The Buildings of Sam Houston State University documents the changes of the SHSU campus in Huntsville, Texas from its inception in 1879 through tomorrow. The Brick and Mortarboard presents news and commentary about the buildings, the people, and the history of SHSU. Stay informed and impress your friends.

Tuesday, September 27, 2005

Houstonian: Looking back at Hurricane Rita

From the Houstonian:
Evacuees of the Texas coastal region were placed inside Johnson Coliseum and [Academic Building Three] Dance Theater on the first night and the Health and Kinesiology Center was opened for more people on Friday morning. The Red Cross funded the entire relief effort, paying for blankets, food and multiple other services, but many volunteers were needed to help run the effort.

The first night only about 100 volunteers were present, but as the week progressed the number of volunteers ballooned to include a number of organizations, as well as National and State Guardsmen and women.

Despite a few minor conflicts in the Coliseum, the operation went quite smoothly in all three buildings. The Coliseum held 452 evacuees; AB3 held 206; and the HKC held 467.

The evacuees stayed from Wednesday, September 22 to the morning of Sunday, September, 26.

Monday, September 19, 2005

Houstonian: Smith-Hutson addition dedicated

From the Houstonian:
For a year and a half, the sounds of hammering and the smoldering smell of tar flooded the Mall area, all for the sake of the expansion of the Smith-Hutson building. The construction, now complete, yielded a large addition to the College of Business building and the university held a dedication and ribbon-cutting ceremony last Friday.

"I'd say about 300 [people attended]," Margaret Quarles, senior assistant to Dean Randal D. Lewis said, "We had a great turnout. The chancellor spoke and Dean Lewis gave us an introduction. Sponsors were given a brass key, symbolizing their contribution to education. Attendees received a commemorative coin that was minted especially for the occasion."

The project cost $8.3 million to build and doubled the size of the building, adding on 4,700 feet. The project added 900 additional classroom seats, 15 new classes, a new auditorium, 39 faculty offices, 2 department office suites, golf club learning lab, mailroom facilities and additional storage.

About the life of General Sam Houston

Today’s Houstonian looks back at the life and times of Sam Houston:
Sam Houston's family originally came from Scotland. Sir Hugh was a knight who was in the right place at the right time - he saved the King of Scotland and was given his own castle. Eventually, a town was built around the castle and they called it "Hugh's town," the roots of Houston.

Houston's grandfather came from Scotland through Ireland and then to the colonies. Once here, the family became one of the most well-known. Houston's father was patriotic and served in the continental army under George Washington. After the American Revolution, he stayed in the army as a major.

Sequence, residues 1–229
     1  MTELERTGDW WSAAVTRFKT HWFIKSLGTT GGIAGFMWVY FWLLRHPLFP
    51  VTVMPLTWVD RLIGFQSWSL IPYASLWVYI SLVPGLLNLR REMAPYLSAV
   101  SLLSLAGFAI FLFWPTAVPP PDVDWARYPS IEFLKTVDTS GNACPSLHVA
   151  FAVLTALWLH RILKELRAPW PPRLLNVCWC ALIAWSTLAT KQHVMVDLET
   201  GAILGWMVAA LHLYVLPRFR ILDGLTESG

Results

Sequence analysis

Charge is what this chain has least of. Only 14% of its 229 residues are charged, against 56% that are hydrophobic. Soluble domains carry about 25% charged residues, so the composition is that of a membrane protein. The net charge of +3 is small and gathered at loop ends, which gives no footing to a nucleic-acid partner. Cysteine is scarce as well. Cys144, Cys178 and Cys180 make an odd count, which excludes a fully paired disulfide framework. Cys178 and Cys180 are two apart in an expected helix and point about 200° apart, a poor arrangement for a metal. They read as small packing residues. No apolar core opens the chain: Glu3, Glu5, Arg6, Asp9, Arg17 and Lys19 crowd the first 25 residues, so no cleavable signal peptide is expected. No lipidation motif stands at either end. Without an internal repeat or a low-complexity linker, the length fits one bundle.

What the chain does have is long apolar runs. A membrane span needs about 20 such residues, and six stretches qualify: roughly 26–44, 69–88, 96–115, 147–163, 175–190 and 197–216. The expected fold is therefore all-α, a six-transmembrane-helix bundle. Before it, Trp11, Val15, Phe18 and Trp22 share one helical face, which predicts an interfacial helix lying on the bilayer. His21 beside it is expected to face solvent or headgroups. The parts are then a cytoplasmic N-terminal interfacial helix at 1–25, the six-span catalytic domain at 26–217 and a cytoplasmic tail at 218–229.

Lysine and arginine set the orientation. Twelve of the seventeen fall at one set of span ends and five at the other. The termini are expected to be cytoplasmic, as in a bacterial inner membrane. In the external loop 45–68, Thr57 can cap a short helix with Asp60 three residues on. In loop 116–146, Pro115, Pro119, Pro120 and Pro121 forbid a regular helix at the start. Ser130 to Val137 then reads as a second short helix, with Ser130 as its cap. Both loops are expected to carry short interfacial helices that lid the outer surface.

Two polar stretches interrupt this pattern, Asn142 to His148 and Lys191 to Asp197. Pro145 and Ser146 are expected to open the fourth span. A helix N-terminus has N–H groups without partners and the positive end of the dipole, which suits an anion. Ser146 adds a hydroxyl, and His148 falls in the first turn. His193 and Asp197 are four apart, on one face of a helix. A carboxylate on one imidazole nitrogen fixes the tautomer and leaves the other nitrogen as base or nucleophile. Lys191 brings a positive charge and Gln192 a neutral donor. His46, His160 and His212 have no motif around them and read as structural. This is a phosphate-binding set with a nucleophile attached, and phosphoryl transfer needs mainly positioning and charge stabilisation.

More of the article appeared in the Sep. 19, 2005 edition.

Thursday, September 15, 2005

Houstonian: Sights around campus...

From the Houstonian:
Located in front of the art buildings, the Sculpture Garden contains permanent pieces from past students and current students temporary display their work for shows such as graduation.

The railings leading up to Art Building F were designed by the students of the 2001 Summer Session. The smooth forged steel railings are black with large spheres circled by rings.

A welded steel piece by Nancy Pfeifer sits on the lawn. "She used a lot of seedpod shapes and organic forms in her work," said sculpture professor Tony Shipp. Another steel piece, by Rick Rosebury, is a rustic boat figure held up by thin rod legs.

Also in the garden are two tire pieces. Inside both tires are metal pieces welded together in a spherical fashion. Shipp said that some of the metal pieces are from old stoves.

There are colorful, tile filled benches near by to sit and observe the art. Small stone walls outside the lawn are also filled with tiles. "They were created over the past eight years by students in a ceramic class who were learning about tiles and applications for them," said printmaking professor Kate Borcherding.

Thursday, September 1, 2005

Houstonian: SHSU acquires Raven Nest course in deal to establish golf program

From the Houstonian:
Sam Houston State University's ever evolving campus has now added another 'appendage' to its repertoire, as it now owns the Raven Nest Golf Course.

Raven Nest Golf Course, built in May 2003, was bought by the university today to sponsor the Professional Golf Association affiliated Professional Golf Management program, which is beginning its first year at SHSU. PGM is a program for college students wanting to break out in the professional golf world in a variety of careers.

"This is the first year of the PGM program," sophomore Andrew Lewis, Professional Golf Management major said. "Our first meeting started on Monday and our first tournament is supposed to be on Sunday September 12 at noon. It's official school property on the first [of September] but we've been able to practice since the 24th."

The multi-tee course expands to 7,001 yards of green and is located on I-45 South near Montgomery Road.